The work of Roberto Jaurez contains nothing that is extraneous to the
art of painting. It bristles with a combination of glowing depths and
fresh, imaginative line. A super abundance of beaded spirals, wavy triangles
and rectangles (sometimes flat sometimes three dimensional), beehive-like
clusters of hexagons, gelatinous pods, and wild circles can barely contain
itself. Transparent and opaque structures wrestle within the void.
Roberto Jaurez New Branch 2000
Mixed media, 78 x 78 inches
courtesy Robert Miller Gallery, New York
Not unlike de Kooning, Juarez jabs at surfaces and muscles the brush
around. Both artists have created brilliant but very different palimpsests.
We also find traces of the pinks and greens de Kooning used in his work
from the 1960s.
Jaurez's mixed media works on canvas are explorations of the processes
of drawing and looking. They are spontaneous and full of discovery,
the way blind contour drawings are. He successfully creates a complex
relationship between foreground and background, and is not interested
in rendering specific objects. Mondrian created an orderly urban tomorrow.
Juarez has given us his interpretation of the chaos of contemporary
life in the city. There are the faintest traces of recognizable objects,
but patterning and limber brushwork prevail. Geometric forms, triangles,
circles and rectangles, dominate many of the compositions, but they
are not hard edged. In fact many of the paintings are beautiful, aqueous
messes or rhythmical linear entanglements. Bryant Park Tiles, 2001,
is a busy surface built of drab olive greens, pungent crimsons and impure
whites, highlighted by pale yellow ochre and light tan. This chaotic
mass of rectangular forms and violent scribbles consists of a red orange
background, a grid-like tile pattern, with white-ish green slash marks
floating on top of it.
Viewing the mixed media freestanding works done on hinged panels (the
screens) is an awkward affair. It is difficult to determine how to read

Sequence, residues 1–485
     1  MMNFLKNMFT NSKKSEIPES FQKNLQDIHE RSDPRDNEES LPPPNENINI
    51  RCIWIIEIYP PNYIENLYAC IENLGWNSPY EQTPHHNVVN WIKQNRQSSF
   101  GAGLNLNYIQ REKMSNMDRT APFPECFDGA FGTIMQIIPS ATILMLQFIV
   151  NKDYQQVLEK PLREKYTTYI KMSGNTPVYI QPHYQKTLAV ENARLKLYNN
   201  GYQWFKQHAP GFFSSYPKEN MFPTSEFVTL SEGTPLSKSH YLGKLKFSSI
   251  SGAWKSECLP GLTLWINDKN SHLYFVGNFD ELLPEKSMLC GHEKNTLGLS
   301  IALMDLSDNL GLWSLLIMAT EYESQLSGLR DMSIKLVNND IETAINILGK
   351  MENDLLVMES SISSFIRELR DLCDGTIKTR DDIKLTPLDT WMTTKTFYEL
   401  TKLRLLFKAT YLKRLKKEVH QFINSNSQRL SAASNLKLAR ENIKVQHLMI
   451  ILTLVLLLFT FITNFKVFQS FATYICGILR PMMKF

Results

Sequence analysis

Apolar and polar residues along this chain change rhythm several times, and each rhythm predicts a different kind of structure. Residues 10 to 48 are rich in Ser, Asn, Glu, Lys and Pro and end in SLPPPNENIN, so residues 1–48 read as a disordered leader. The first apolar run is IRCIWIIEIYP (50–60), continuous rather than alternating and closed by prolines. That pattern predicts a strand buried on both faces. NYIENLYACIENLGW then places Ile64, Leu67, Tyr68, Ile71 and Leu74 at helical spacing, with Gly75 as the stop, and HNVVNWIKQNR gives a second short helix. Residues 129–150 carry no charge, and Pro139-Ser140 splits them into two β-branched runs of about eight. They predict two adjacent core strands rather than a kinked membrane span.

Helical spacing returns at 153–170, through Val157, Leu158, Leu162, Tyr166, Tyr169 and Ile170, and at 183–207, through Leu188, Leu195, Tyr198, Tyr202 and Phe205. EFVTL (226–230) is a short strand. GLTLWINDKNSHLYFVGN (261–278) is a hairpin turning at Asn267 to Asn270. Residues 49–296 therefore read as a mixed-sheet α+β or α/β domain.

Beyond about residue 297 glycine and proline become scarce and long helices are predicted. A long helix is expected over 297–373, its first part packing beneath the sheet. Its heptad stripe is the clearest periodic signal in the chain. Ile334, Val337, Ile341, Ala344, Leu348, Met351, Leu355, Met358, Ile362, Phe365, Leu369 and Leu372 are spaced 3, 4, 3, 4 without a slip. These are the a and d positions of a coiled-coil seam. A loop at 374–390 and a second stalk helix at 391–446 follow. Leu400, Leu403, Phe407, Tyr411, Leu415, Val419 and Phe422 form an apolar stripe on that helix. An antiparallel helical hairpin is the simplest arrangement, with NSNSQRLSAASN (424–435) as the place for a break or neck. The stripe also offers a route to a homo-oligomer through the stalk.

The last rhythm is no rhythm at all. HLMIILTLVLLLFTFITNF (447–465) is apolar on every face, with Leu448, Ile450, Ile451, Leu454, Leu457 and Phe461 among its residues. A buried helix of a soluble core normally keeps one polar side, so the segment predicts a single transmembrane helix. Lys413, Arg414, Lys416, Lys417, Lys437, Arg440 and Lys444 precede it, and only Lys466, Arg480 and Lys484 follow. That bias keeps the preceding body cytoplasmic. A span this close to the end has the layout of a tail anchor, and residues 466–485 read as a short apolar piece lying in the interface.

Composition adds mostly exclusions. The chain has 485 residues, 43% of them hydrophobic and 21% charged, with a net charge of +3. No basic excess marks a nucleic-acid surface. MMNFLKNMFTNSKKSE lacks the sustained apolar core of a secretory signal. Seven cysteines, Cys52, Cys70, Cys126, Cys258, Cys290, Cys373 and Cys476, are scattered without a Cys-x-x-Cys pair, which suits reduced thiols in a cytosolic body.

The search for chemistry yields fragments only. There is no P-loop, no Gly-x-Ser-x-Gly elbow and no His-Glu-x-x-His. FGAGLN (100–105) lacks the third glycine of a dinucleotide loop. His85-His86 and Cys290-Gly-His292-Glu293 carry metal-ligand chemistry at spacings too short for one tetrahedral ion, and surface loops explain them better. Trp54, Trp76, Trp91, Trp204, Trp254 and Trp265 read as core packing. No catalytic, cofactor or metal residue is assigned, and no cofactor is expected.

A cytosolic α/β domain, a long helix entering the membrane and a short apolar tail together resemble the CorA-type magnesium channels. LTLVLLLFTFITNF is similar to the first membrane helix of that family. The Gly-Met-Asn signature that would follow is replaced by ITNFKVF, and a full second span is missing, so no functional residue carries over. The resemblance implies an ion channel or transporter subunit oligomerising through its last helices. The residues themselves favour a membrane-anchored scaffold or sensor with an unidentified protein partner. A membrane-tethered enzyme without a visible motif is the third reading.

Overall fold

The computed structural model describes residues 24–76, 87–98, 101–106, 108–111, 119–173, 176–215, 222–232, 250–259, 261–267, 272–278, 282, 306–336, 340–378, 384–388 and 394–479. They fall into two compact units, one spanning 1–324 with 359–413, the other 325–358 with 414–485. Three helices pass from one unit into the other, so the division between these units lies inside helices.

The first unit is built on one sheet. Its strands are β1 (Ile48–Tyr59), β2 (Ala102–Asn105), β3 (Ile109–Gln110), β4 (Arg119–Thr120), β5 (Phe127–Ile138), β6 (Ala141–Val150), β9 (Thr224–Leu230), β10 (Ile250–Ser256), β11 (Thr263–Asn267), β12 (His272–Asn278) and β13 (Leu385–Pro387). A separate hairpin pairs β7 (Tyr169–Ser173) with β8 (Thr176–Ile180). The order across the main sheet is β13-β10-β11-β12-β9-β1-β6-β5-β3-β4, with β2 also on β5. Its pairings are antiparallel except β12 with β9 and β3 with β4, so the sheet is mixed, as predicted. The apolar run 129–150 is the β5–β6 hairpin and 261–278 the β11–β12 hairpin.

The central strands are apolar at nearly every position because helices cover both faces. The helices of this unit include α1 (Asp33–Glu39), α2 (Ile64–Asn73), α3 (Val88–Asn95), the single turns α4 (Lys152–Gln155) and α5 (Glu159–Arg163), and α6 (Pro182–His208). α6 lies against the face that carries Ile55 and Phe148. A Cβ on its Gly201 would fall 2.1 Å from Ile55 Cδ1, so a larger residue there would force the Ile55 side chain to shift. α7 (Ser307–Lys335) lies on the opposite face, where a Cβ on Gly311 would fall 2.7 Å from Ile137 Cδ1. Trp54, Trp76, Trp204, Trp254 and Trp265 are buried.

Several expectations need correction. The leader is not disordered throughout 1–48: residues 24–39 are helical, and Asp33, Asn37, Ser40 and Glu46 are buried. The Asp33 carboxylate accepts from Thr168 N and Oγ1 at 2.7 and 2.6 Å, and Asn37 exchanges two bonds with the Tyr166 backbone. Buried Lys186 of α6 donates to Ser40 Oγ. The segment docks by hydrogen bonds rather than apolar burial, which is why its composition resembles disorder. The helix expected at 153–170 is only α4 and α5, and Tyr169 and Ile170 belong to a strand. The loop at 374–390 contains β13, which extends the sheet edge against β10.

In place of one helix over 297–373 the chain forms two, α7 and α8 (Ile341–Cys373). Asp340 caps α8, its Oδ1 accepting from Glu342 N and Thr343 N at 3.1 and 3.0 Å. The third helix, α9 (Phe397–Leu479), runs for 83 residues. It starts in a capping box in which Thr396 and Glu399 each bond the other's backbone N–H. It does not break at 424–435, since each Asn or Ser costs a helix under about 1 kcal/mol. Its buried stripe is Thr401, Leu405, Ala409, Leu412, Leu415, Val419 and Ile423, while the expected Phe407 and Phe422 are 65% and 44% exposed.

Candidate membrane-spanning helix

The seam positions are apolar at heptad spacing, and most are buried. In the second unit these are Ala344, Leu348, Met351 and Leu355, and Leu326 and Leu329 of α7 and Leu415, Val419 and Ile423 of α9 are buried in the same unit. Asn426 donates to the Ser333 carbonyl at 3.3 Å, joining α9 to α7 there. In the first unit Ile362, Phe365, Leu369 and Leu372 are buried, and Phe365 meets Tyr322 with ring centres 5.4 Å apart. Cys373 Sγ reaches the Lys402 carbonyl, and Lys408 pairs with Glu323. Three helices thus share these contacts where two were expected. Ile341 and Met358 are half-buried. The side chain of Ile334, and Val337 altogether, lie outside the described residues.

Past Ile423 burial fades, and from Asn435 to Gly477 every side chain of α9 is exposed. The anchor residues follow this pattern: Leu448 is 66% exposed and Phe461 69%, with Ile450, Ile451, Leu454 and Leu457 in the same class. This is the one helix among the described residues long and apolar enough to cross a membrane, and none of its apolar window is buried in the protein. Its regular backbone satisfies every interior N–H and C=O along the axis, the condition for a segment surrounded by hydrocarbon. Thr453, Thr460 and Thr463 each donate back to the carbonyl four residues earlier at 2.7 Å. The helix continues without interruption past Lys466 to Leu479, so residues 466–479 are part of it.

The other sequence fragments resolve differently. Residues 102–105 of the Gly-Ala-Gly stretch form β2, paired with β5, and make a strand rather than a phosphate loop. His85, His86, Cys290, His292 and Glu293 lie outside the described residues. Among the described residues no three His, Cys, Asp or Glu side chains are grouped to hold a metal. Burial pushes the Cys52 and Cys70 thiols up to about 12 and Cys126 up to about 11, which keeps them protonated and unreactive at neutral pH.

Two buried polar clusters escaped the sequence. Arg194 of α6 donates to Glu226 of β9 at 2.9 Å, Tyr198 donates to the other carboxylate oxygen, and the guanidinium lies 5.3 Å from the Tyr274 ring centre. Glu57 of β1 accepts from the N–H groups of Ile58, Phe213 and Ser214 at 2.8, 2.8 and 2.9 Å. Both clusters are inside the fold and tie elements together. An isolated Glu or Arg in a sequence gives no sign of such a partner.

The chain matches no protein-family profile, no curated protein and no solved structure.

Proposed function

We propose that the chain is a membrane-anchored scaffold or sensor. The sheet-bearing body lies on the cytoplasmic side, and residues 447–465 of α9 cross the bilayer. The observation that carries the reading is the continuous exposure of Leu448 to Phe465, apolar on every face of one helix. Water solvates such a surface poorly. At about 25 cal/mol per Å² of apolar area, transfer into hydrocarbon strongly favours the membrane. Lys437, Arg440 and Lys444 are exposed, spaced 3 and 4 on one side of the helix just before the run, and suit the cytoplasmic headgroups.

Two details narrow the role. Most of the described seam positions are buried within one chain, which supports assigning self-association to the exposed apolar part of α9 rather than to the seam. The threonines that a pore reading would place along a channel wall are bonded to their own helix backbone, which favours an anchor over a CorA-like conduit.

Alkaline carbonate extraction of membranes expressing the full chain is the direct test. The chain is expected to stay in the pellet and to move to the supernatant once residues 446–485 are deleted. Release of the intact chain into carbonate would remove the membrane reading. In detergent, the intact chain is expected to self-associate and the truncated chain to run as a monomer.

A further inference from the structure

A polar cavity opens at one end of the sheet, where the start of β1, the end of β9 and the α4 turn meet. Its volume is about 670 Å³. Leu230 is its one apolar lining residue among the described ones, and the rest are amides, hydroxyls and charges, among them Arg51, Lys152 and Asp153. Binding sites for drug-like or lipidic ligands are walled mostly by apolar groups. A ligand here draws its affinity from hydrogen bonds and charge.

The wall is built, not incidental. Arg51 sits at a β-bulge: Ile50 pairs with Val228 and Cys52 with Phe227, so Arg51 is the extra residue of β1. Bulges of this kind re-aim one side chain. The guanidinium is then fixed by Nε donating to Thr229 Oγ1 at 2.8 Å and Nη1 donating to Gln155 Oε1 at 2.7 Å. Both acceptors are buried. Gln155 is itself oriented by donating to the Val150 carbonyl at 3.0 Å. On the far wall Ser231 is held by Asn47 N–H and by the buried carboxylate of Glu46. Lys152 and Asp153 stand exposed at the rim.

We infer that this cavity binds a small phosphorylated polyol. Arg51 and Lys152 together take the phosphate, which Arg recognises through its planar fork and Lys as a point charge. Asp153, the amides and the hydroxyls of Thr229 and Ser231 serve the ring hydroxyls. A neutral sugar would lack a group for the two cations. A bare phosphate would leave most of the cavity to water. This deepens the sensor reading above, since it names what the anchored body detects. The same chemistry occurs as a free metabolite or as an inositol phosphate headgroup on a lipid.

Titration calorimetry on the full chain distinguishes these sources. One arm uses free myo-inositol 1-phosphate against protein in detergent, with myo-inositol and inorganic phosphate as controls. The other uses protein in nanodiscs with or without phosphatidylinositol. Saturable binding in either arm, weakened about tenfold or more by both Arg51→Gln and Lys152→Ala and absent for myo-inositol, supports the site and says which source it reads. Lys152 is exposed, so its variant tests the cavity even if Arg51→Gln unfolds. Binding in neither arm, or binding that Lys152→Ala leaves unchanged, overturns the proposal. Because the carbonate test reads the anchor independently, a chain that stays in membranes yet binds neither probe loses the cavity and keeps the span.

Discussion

the separate sides. Should one side be looked at before the other? Is
there a meaningful relationship between the two? I found myself trying
to remember what the side I could no longer see looked like. Traces
of architecture, giant archways and cross beams at odd angles, appear
in Humo One and Humo Two. Blue Structure, 2001, contains an exquisite
symphony of squares to make Hans Hofmann jealous from beyond the grave.
Both sides of Coin Circle, 2001, my favorite panel piece, are tributes
to geometric forms; hexagons and triangles. The patterning is intuitive
and the possible interpretations of the work are limitless. In the paintings
Kether Place, 2001, and Circulation, 2001, there is a perfect balance
between randomness and pattern. The monotypes (Nubes Uno, Dos and Tres)
are made up of overlapping pale colored circles. The overlapping circles
are like reptilian scales seen through a magnifying glass. Unfortunately
the colors in the monotypes are wan.
In the mixed media works one can see hints of scaffolding, ladders,
fire-escapes, honeycombs, the embossed patterns on sewer caps, rows
of windows. Faint charcoal drawing is everywhere, and is discernible
if one looks hard enough. Drips of pigment are sporadically placed.
Juarez uses geometric forms as a starting point and they become the
overarching theme. They also temper the expressionist brushwork. Each
piece in this show is filled with an abundance of ambiguous shapes.
The sketchy quality of the work only strengthens it. I sat Indian style
on the floor of the gallery staring at several of these paintings for
over an hour. I never grew bored and I appreciated different aspects
of the compositions as I scanned and rescanned them. I was overwhelmed
by the richness and vibrancy of Juarez's optical imagination.
ERIC GELBER IS A PAINTER AND CRITIC WHO LIVES IN QUEENS, NEW YORK.
HE IS PUBLISHED REGULARLY IN ARTCRITICAL AND HAS ALSO APPEARED IN ARTNET
AND OTHER PUBLICATIONS.
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